Sunday, September 07, 2008
So, following Hillary Clinton's less than stellar performance in the Iowa caucuses, many media mistakenly asserted that her campaign for the presidency was over; however, her skill as one of the most powerful politicians in America and her subsequent performances in the elections post-Iowa, quickly proved how wrong her media critics were. Following Iowa, Gloria Steinem wrote a powerful and accurate editorial detailing the many reasons that a woman is never a front-runner and asserting that the single most restricting factor in American society is gender; considering that many women alive today were born before women even had the right to vote, Steinem's argument seems quite compelling. While, I've already briefly posted about the ethicality of sexism in the media, recent coverage of Gov. Palin, continues to demonstrate the sexist nature of American society. Gov. Palin's clothing, her makeup, accessories, shoes, hair, etc. have all received critiques and actual news coverage. Even, CNN devoted almost 8 minutes of coverage to the aforementioned items, and then almost laughably decided to have a panelist discuss whether or not such coverage was sexist. While talking about whether or not such coverage is sexist, which it is (if you disagree try and think of the last time you heard any of those items discussed about men or when men are ever questioned about their ability to govern and still be a parent), is a worthwhile and important, media should realize that simply talking about sexism while engaging in it is still wrong. It matters little that for 30 seconds out of 8 minutes, sexism is considered as a possible problem, those individuals reporting for media outlets have an ethical obligation to do more than simply talk about sexism; they have an obligation to quit engaging in sexist discrimination. By placing emphasis on Palin's pumps more than her politics, media outlets perpetuate the harmful myth that women are only important in terms of their sex appeal, or at the least are primarily important because of it. By engaging in sexist coverage media not only fail to fulfill their obligations and functions in our society of providing important and accurate information, "they" also dehumanize women and in turn dehumanize everyone. While I am not an advocate of universal ethical codes, I do think it is a safe bet that in almost every situation, and especially every situation media workers would find themselves in, abstaining from behavior that treats individuals as less than anything except fully human is ethical and failing to do so is unethical.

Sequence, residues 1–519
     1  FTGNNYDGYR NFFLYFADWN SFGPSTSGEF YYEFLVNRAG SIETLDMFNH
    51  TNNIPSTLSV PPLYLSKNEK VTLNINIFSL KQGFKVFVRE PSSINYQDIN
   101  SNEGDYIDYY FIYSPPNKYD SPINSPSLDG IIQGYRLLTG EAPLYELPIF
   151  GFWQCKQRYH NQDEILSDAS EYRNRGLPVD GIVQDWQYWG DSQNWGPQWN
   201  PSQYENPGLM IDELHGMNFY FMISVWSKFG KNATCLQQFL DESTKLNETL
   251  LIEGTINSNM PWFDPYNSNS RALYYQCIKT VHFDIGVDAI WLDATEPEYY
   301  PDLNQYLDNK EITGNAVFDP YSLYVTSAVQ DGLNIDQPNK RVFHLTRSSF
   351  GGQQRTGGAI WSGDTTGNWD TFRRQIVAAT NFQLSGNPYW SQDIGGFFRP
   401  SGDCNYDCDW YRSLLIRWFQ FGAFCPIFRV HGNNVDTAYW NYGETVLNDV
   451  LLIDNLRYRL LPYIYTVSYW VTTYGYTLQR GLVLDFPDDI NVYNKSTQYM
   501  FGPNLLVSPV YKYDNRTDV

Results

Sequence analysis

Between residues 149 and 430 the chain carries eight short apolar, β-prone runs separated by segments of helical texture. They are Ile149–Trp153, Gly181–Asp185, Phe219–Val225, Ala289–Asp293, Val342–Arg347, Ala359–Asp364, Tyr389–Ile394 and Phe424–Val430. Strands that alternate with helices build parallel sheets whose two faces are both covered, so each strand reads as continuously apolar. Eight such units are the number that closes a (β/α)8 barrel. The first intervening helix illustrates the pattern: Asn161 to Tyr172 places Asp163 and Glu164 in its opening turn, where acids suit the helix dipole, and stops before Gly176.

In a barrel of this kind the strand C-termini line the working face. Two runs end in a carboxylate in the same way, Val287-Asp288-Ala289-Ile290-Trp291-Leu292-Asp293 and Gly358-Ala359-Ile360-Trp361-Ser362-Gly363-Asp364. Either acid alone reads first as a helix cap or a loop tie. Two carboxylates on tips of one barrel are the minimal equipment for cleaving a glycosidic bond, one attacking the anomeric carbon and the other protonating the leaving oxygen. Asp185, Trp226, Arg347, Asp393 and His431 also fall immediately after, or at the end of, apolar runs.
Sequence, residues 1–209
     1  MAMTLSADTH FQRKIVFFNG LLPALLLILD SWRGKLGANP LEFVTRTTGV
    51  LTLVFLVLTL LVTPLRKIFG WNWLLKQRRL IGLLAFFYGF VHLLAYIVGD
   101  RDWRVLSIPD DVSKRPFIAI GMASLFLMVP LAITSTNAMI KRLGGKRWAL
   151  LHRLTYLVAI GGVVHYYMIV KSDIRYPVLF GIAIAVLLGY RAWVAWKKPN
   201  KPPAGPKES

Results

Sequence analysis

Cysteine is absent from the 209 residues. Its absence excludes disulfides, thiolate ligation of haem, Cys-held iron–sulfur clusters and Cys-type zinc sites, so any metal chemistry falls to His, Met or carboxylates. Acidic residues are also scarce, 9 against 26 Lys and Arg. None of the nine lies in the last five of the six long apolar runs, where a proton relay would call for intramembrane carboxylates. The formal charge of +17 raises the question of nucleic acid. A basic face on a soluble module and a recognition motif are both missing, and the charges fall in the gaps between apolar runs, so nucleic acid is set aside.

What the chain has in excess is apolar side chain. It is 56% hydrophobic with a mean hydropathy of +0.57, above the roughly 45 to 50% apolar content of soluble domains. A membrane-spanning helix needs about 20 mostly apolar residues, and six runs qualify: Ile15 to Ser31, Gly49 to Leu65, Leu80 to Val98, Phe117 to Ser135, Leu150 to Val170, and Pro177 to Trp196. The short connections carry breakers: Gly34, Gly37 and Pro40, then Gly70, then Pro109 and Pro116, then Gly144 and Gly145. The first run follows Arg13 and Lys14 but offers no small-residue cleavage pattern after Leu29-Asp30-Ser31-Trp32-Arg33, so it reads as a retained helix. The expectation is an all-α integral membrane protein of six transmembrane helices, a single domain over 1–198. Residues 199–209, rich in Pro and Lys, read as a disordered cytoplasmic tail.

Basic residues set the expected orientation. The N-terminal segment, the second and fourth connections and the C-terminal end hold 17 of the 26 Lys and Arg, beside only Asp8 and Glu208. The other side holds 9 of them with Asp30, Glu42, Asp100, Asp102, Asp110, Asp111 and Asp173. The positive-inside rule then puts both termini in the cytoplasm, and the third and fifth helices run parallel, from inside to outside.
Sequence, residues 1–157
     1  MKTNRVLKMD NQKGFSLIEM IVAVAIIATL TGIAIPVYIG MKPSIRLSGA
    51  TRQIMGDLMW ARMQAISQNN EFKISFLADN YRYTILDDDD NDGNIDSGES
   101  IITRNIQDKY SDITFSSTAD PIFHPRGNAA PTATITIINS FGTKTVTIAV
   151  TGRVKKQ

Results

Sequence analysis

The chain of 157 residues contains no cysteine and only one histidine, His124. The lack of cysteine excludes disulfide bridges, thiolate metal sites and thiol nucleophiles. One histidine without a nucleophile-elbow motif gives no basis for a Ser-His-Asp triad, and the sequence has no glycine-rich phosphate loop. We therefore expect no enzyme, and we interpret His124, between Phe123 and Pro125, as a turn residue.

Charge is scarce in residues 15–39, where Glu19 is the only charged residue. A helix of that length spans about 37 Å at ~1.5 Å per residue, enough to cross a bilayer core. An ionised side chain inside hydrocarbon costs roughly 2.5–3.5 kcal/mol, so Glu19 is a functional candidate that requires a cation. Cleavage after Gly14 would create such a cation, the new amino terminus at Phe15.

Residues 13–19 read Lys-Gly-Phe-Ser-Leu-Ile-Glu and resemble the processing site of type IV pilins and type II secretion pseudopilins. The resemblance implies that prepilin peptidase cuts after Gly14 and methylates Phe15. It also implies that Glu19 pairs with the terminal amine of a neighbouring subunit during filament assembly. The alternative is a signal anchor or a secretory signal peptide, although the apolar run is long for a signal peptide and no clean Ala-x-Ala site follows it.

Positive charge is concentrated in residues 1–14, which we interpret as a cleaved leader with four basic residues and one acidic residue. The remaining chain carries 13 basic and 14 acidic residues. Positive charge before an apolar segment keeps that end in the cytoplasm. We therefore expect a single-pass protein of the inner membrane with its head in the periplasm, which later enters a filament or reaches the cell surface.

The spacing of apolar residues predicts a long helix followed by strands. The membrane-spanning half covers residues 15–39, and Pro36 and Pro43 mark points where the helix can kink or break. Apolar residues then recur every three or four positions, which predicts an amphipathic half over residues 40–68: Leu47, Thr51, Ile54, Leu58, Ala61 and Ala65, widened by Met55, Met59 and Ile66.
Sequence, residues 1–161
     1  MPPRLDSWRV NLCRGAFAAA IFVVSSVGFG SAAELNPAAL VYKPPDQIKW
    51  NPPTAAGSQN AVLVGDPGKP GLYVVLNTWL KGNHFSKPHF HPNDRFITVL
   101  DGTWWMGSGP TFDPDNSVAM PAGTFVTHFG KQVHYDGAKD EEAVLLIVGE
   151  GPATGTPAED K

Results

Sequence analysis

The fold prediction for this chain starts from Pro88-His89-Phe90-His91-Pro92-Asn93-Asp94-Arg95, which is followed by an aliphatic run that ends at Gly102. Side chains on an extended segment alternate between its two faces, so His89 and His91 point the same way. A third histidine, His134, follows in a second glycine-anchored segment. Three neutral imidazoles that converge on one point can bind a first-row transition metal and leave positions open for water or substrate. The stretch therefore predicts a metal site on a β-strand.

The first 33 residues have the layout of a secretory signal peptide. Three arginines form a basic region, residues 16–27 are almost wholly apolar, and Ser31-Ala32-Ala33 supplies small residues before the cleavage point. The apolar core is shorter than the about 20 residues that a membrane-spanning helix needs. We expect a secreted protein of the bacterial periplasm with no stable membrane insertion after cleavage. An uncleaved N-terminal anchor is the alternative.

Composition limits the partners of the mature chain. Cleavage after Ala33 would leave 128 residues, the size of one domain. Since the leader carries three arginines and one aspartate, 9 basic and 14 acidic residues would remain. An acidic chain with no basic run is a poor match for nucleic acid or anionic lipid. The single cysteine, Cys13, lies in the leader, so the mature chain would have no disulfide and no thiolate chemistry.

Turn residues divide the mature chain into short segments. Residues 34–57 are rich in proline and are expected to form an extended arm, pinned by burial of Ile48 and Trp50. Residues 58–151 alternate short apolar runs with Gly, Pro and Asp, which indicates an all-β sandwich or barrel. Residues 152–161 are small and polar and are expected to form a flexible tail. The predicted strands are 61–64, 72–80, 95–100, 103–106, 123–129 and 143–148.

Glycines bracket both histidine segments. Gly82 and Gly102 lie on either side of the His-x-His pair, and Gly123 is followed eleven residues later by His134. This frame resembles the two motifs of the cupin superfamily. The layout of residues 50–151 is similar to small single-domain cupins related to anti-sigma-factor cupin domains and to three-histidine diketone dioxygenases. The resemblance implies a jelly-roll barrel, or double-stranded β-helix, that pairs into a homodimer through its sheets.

Tuesday, September 02, 2008
So, media ethics has been on my mind; not just because I'm taking a media ethics class, but because my concerns with the Democratic primary and its media coverage: specifically the coverage of Hillary Clinton. My media ethics textbook outlines multiple ethical perspectives: deontological, utilitarian, universal, etc. But, as I think about the sexist coverage of Hilary (i.e. "She's a bitch, She's a monster, Iron My Shirt," etc.), I can't help but think that regardless of your ethical standpoint, there is little justification for such coverage. Perhaps arguing from an egoist or Machiavellian-egoist point of view might be able to justify such coverage by arguing that reporters might benefit from such coverage; thus, it is justified. However, the authors of my textbook argue that most, or at least many journalist, cling to universal ethics as a justification for the job they perform (i.e. educating the public, serving the public good, etc.). So, one can only wonder where these principles were in play when the NY Times ran its highly criticized piece about John McCain and supposed infidelity or at least the possible appearance of, yet no journalist would actively pursue, during the primary campaign, serious investigation of the true allegations against John Edwards. Clearly, I have a pro-HIllary point-of-view; however, I think that media ethicality evaluations about the coverage of her campaign are deserving of serious academic, critical and ethical evaluation. I also can't help but wonder wether our societal evaluations of racism and sexism and the cultural emphasis, or rather emphasis on eliminating them, play a serious role in the cultural conversation about those types of discrimination and the ethicality of each. One is highly, highly culturally disdained, while the other is disdained in talk but rarely in action. As Geraldine Ferraro wrote in her compelling editorial, Hillary supporters know that if the media or surrogates of the campaigns had engaged in racism, leaders of both parties would be screaming from the hilltops about the discrimination, but very, very, very few barely lifted a finger to discuss sexist issues in the campaign. For now, that is all I have to to say about this topic....far more questions than answers, and perhaps, my support of Hillary makes me less comfortable in ensuring my views are not tainted....but then again perhaps my strong support and abhorrence of the sexist coverage just demonstrates that ethicality is important in every situation, and just because one recognizes it more in one situation than another doesn't change the actual original question.